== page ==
There are two articles in Hungarian: a definite (’a’ before words beginning with consonants, else ’az’) and an indefinite (’egy’.) Nouns have as many as eighteen cases. Out of these, some are grammatical, e.g. the unmarked nominative (for example, az alma ’the apple’), and the accusative marked with the suffix –t (az almát). The latter is used when the noun in question is used as the object of a verb. Hungarian does not have a genitive case, and numerous English prepositions equal not to an affix, but to a postposition, such as az alma mellett ’next to the apple’. Plurals are formed using the suffix –k (az almák ’the apples’). Adjectives precede nouns, e. g. a piros alma ’the red apple’. They have three degrees, including base (piros ’red’), comparative (pirosabb ’more red’), and superlative (legpirosabb ’the most red’). If the noun takes the plural or a case, the adjective does not agree with it: a piros almák ’the red apples’. Look up article in Wiktionary, the free dictionary. ... In linguistics, a noun or noun substantive is a lexical category which is defined in terms of how its members combine with other grammatical kinds of expressions. ... The nominative case is a grammatical case for a noun. ... The term accusative may be used in the following contexts: A form of morphosyntactic alignment, as found in nominative-accusative languages. ... This article does not cite any references or sources. ... A postposition is a type of adposition, a grammatical particle that expresses some sort of relationship between a noun phrase (its object) and another part of the sentence; an adpositional phrase functions as an adjective or adverb. ... In grammar, an adjective is a word whose main syntactic role is to modify a noun or pronoun (called the adjectives subject), giving more information about what the noun or pronoun refers to. ...


Verbs developed a complex conjugation system during the centuries. Every Hungarian verb has two conjugations (definite and indefinite), two tenses (past and present-future), and three moods (indicative, conditional and imperative), two numbers (singular or plural), and three persons (first, second and third). Out of these features, the two different conjugations are the most characteristic: the "definite" conjugation is used for a transitive verb with a definite object. The "indefinite" conjugation is used for an intransitive verb or for a transitive verb with an indefinite object. These rules, however, do not apply everywhere. The following examples demonstrate this system: It has been suggested that Verbal agreement be merged into this article or section. ... Conjugation may refer to: Grammatical conjugation, the modification of runnign a verb from its basic form Latin conjugation, Spanish conjugation and The English verb, each with complex conjugation forms Marriage, relationship between two individuals In mathematics: Complex conjugation, the operation which multiplies the imaginary part of a complex number by... Grammatical tense is a way languages express the time at which an event described by a sentence occurs. ... A transitive verb is a verb that requires both a subject and one or more objects. ... “Intransitive” redirects here. ...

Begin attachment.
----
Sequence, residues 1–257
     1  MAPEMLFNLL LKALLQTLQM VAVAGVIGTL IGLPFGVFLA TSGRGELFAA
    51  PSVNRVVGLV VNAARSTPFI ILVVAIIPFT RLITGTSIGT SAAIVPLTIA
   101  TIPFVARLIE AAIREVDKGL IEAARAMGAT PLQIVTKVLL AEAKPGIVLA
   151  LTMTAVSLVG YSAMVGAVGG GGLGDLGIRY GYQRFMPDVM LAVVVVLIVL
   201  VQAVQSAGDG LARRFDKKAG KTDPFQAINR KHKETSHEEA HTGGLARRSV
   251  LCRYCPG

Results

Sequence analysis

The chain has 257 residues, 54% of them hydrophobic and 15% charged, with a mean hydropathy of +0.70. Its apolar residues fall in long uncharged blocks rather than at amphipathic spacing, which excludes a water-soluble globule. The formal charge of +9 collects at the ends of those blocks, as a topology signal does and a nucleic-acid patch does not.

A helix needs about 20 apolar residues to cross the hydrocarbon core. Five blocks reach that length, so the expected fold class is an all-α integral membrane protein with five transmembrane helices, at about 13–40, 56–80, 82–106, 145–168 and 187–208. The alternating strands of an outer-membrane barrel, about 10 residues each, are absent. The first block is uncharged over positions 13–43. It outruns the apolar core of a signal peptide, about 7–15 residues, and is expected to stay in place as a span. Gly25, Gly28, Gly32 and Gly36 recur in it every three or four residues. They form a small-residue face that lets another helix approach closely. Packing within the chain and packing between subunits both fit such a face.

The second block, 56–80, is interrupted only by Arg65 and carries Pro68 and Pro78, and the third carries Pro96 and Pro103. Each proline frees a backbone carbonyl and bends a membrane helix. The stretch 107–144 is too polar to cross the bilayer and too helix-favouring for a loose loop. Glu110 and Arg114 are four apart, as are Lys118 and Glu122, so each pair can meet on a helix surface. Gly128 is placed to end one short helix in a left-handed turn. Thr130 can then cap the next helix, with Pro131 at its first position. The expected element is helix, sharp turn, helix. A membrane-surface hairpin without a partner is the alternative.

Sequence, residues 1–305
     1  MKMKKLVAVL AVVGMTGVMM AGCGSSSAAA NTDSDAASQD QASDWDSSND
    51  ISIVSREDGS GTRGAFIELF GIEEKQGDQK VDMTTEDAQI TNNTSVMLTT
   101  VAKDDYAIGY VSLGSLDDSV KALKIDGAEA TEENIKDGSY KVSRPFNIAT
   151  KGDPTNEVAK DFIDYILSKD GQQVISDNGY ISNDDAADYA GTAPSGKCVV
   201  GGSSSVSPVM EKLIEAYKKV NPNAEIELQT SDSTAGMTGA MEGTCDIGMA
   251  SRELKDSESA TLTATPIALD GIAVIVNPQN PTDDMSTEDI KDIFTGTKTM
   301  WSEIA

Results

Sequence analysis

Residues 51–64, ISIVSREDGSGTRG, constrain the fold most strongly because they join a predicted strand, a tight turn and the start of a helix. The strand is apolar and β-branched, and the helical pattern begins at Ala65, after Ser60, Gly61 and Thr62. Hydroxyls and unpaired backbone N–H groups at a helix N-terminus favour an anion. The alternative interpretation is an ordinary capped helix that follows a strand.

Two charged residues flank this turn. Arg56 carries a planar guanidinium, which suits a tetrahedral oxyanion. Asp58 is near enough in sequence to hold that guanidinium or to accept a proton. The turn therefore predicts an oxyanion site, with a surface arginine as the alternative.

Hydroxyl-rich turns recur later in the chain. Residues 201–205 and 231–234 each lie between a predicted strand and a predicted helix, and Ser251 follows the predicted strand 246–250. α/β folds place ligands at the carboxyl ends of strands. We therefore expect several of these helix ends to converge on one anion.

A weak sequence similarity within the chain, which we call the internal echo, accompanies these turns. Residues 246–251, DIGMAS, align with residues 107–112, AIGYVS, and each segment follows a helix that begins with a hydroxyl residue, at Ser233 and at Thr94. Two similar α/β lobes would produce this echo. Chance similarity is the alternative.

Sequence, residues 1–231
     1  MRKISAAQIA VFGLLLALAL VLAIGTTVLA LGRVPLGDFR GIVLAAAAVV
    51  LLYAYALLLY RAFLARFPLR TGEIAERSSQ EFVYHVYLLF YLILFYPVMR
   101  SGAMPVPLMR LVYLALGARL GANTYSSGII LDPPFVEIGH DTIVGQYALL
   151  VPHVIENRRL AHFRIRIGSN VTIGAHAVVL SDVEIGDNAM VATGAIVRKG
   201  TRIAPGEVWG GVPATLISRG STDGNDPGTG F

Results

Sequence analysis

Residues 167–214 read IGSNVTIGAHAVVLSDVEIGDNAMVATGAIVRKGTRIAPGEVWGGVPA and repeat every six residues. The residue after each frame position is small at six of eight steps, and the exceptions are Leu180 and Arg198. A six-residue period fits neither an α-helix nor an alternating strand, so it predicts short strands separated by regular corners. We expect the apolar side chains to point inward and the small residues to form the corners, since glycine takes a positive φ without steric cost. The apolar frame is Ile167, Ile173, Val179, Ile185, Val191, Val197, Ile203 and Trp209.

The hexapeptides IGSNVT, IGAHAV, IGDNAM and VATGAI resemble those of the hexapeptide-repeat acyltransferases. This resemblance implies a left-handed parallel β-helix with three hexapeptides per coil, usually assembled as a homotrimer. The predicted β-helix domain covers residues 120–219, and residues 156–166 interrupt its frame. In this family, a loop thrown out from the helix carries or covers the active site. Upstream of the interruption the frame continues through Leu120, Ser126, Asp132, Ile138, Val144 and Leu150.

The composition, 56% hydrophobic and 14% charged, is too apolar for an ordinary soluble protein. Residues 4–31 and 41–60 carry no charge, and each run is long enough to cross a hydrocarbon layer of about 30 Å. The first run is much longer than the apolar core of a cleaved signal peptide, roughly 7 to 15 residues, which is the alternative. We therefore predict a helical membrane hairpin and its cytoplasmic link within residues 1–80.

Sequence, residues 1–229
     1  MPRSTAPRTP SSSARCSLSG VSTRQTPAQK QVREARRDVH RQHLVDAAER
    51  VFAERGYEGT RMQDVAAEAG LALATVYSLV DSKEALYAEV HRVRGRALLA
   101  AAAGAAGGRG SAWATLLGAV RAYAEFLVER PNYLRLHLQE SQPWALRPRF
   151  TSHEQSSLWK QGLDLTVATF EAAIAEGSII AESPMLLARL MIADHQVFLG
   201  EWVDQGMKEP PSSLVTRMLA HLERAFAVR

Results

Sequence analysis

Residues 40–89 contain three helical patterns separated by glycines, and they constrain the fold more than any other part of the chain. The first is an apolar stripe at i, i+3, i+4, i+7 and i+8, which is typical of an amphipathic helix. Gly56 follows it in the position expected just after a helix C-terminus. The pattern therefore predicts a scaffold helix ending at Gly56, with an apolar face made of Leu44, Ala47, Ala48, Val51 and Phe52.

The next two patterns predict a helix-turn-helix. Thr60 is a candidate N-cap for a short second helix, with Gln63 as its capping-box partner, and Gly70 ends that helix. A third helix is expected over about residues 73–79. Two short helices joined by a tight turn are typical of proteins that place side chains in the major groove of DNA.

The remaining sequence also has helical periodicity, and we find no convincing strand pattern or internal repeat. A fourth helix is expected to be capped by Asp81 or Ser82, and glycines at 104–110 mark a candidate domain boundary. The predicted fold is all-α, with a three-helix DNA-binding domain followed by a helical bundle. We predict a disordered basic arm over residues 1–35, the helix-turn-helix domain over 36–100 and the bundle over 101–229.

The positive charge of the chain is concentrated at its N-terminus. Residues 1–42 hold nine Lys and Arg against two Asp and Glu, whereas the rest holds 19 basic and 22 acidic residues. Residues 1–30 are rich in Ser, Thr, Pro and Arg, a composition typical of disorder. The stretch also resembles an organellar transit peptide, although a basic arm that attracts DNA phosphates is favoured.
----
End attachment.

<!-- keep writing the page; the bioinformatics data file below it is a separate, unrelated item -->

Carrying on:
John egy almát lát. ’John sees an apple.’
(indefinite, the apple can be any of the world’s apples)

John a piros almát látja. ’John sees the red apple.’
(definite, as it was pointed out he sees the red one)

See also: Definite and indefinite conjugations.

Present tense is unmarked, while past is formed using the suffix –t or sometimes –tt: lát 'sees'; látott 'saw', past. Futurity is often expressed with the present tense, or using the auxiliary verb fog ’will’. The first most commonly applies when the sentence also defines the time of the future event, for example John pénteken moziba megy – literally ’John on Friday into cinema goes’, i.e. ’On Friday, John will go to the cinema.’ In the other case, the verb’s infinitive (formed using –ni) and the ’fog’ auxiliary verb is used: John moziba fog menni – ’John will go to the cinema.’ This is sometimes counted as a tense, especially by non-specialist publications. This page is about verbs in Hungarian grammar. ... The present tense is the tense (form of a verb) that is often used to express: Action at the present time A state of being A habitual action An occurrence in the near future An action that occurred in the past and continues up to the present There are two...